It is often said that success breeds success. It is very interesting to see how different clients approach delivering library services. Every organisation is different but the energy and creativity of the librarian is what makes the difference.
I took a telephone call recently from the manager of a library, someone I would like to call a friend, who I have known for a many years. His boss, who he rarely sees because the organisation is going through massive changes, had made an effort to seek him out and ask him to look into records management for the organisation. My librarian friend, since his appointment two years ago, had set about making changes in the library which had raised its profile. These included digitisation projects, replacement of a legacy library system with new technology, introduction of mobile friendly search portals and an enterprise search facility followed by bringing the archives into focus, helping to better present the history of the institution.
During the call, we talked about a new database and the need for more analysis before any attempt to configure the database. We joked that he barely finishes one project than another is waiting in the wings. Where do they come from? I knew his predecessor and there was never the same level of interest in the library and its own involvement in other areas of the business.
It made me question, “Why is it that a library succeeds and attracts attention?” What are the ingredients that make a library valued in an organisation, that makes it more prominent?
A “go to” place.
We began discussing the characteristics of libraries we know to be succeeding and are well respected within the organisation they serve. It is not sector driven, nor is it the size of the library, or where the library is physically placed in a building or city or even the budget that the library holds.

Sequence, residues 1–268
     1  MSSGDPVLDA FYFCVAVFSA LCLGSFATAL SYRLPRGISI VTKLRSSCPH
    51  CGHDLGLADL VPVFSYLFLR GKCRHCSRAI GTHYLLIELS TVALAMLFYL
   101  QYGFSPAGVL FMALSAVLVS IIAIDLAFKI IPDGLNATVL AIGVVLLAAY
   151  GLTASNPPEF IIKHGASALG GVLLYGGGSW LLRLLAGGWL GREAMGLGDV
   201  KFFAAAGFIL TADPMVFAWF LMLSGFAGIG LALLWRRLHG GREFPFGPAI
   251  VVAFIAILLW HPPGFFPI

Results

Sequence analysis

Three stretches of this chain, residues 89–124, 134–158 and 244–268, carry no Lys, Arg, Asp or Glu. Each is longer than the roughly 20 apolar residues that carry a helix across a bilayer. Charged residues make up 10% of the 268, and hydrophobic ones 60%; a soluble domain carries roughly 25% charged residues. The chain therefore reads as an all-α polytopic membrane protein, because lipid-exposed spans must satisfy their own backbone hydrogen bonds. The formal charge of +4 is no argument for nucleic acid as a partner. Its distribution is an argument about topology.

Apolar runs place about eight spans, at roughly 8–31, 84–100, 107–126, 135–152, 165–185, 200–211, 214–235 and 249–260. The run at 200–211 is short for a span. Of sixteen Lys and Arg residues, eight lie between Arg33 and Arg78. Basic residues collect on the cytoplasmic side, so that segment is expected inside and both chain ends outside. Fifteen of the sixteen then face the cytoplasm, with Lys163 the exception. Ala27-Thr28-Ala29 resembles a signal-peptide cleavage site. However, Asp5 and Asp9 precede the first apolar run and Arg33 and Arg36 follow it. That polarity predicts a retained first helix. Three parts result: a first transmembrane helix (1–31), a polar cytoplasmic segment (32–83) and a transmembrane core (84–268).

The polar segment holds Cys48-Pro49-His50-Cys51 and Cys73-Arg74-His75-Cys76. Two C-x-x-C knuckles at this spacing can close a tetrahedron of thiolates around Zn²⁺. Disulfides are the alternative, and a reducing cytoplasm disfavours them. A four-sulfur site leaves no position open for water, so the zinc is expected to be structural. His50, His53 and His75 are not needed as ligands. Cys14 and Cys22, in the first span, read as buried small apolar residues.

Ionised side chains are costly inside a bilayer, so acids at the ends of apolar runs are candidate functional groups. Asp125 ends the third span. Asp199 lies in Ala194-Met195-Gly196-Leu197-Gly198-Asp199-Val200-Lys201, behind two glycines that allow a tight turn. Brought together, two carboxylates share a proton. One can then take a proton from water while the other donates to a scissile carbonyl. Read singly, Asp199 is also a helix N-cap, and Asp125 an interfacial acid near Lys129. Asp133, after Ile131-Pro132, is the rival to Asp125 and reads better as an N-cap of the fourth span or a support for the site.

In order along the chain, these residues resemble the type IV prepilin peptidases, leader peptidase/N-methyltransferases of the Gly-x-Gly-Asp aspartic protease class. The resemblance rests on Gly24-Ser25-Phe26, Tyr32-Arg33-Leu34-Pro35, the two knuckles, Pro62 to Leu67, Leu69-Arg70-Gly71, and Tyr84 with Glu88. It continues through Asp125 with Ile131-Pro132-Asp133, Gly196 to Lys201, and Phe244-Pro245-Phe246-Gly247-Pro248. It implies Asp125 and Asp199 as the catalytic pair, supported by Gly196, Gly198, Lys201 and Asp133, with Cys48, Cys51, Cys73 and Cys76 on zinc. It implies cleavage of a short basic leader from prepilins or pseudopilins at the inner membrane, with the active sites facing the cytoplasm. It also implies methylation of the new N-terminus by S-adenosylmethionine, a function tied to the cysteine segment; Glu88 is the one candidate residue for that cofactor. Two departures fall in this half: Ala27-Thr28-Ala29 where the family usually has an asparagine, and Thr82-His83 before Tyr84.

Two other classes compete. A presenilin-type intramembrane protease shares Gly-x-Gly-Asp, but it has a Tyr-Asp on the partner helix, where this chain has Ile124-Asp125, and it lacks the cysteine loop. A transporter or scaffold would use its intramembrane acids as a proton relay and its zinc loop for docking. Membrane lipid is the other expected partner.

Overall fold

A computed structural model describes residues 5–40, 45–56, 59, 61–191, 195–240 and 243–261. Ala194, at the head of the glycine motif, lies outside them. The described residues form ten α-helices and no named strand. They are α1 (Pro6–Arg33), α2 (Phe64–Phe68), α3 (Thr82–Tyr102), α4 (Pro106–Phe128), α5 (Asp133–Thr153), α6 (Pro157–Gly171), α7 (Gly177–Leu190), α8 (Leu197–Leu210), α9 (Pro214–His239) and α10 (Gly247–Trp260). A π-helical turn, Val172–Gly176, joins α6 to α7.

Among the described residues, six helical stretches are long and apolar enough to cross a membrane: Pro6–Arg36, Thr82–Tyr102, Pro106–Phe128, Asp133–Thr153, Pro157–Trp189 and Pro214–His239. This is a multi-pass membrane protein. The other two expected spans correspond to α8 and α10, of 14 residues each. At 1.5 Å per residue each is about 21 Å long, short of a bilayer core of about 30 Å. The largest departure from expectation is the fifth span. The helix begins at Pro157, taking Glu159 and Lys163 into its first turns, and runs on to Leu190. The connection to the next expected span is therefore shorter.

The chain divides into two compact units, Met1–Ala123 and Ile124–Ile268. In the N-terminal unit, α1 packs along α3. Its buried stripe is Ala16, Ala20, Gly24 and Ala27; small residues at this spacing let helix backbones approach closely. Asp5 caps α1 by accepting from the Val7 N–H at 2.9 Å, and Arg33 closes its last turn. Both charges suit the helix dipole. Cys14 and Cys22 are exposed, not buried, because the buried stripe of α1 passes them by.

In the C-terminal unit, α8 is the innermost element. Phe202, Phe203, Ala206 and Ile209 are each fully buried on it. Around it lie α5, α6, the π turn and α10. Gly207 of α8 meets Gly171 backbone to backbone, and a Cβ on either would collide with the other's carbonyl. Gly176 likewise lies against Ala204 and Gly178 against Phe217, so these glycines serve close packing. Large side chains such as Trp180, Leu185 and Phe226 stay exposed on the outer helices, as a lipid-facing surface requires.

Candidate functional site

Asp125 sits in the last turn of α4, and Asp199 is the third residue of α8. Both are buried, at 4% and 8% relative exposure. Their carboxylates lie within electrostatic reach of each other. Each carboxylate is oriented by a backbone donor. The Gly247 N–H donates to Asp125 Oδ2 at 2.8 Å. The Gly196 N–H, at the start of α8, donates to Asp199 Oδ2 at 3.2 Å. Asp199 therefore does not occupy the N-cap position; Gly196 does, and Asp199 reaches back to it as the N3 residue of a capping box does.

Three themes came through in our discussions, much more prominent than any others:
- Embrace change: the library had invariably changed over time and had been accepting change, often it was enforced but the library still welcomed it, even if painful such as lost space, lost people, reductions in the physical materials held. Using change to springboard new services and using new technologies to make change work for the library were dominant ideas for libraries we saw succeeding.
- Creative and competent staff: the library staff were invariably very positive and creative. Characteristics that stood out were an eagerness to experiment, very efficient and used every bit of our database software. They were especially active with their user community, enjoying being out amongst users.
- The manager: as you might imagine personal styles differ enormously but being led by visionary people seems to help. Experience counts but communication skills and the ability to delegate, factor more highly in getting things done. Interestingly many of the examples we focused on saw projects and tasks being brought to them courtesy of the manager’s connections within the organisation.
As I reflected on this I could not help thinking back to when I was in my mid-twenties, in a large corporate, having a crisis about what I actually did. My manager, simply said to me, with a smile, “You are there to make things happen! Got it?” Simple really.
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